Yello's new track Waba Duba is the most fun electronica has had in years

A still from Yello's video Waba Duba
(Image credit: Polydor/Universal Music)

This week saw the arrival of a brand new video for Waba Duba, the new single from Swiss electronic duo Yello. It’s the first new music from the now-75-year-old Dieter Meier and 68-year-old Boris Blank since 2016’s Toy album, and judging by the delighted reaction the video has had on social media, not only has the duo’s re-appearance come as something of a surprise, it’s also come as a welcome shot of fun for many.

In the video, which you can watch in full below, the two unlikely pop heroes cavort around in a curious fashion, spouting gibberish-like lyrics – sample: 'Do you want me to do/Don't take me for a fool/I'm only happy man/I jump out of the can'. It’s silly, it’s infectious and in these uncertain times, it’s totally refreshing. Add in the wave of good feeling brought about by the UK’s current mini heatwave and the easing of some lockdown restrictions, and Yello could have another hit on their hands. No mean feat when you think that the last time the duo bothered the UK Top 40 was when Of Course I’m Lying reached No. 23 in 1989.

It probably helps that Waba Duba is not wholly dissimilar to the duo’s two biggest hits, Oh Yeah – originally from 1985’s Stella album but made famous through its inclusion in the hit 1986 movie Ferris Bueller’s Day Off – and 1988’s The Race from the Flag album. In fact, it’s a good marriage between the nonsensical frivolity of the former and the funky, infectious rhythms of the latter.

Formed in the late 70s, Yello were originally a trio, although tape operator Carlos Peron left the band in 1983, leaving just Meier and Blank. The duo were the first Swiss group to top the Swiss album charts (again, 1985’s Stella), and in 1995 the likes of The Orb and Moby paid tribute to them with the album Hands On Yello.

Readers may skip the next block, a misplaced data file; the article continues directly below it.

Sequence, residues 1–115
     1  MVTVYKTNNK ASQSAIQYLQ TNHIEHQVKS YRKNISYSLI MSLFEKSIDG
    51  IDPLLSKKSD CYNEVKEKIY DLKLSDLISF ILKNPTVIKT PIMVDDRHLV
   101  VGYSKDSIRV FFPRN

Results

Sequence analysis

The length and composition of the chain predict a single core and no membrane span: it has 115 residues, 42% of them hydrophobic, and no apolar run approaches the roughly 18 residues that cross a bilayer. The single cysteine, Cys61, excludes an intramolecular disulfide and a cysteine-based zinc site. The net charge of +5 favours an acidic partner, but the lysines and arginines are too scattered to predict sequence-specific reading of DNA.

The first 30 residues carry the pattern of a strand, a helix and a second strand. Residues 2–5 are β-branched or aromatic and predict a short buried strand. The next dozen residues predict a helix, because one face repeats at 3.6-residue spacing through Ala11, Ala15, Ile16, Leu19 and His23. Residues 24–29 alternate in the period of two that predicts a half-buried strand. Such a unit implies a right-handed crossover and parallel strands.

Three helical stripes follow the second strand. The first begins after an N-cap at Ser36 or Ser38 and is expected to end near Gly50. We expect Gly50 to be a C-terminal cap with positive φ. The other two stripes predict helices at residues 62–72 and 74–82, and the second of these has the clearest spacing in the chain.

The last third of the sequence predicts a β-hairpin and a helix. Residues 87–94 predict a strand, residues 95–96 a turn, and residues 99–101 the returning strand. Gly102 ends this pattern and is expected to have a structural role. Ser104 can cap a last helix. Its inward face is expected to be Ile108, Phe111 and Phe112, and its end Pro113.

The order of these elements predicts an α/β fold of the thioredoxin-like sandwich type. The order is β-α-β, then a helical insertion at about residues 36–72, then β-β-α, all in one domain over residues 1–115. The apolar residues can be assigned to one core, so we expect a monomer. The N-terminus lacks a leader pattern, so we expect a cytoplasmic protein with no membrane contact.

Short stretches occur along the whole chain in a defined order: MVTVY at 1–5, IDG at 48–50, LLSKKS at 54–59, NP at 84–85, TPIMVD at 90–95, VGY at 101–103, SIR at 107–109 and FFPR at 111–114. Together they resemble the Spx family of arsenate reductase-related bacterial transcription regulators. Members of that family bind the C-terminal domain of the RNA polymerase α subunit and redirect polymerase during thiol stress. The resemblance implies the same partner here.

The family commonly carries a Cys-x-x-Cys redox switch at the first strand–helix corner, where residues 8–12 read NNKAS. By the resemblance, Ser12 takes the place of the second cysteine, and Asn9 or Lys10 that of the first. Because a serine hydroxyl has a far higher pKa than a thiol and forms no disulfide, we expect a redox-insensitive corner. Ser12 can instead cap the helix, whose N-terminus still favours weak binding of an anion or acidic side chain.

Musically it’s electronica, although frequent remixes throughout the 80s would find the band unlikely dance floor favourites. Prog Magazine featured the band in our regular Outer Limits feature that looks at bands who flirt occasionally with a proggier sound. “[Boris] blew my mind with solo piano renditions of Meddle-era Floyd when I went over,” the band’s PR told us this morning.

The fact that Meier is also a millionaire industrialist, gambler and directed Alphaville’s Big In Japan promo video in 1984 merely adds to the mystique that surrounds the unique pair.

For now though, wrap your ears around Waba Duba. It could just be the soundtrack to your summer.

Jerry Ewing

Writer and broadcaster Jerry Ewing is the Editor of Prog Magazine which he founded for Future Publishing in 2009. He grew up in Sydney and began his writing career in London for Metal Forces magazine in 1989. He has since written for Metal Hammer, Maxim, Vox, Stuff and Bizarre magazines, among others. He created and edited Classic Rock Magazine for Dennis Publishing in 1998 and is the author of a variety of books on both music and sport, including Wonderous Stories; A Journey Through The Landscape Of Progressive Rock.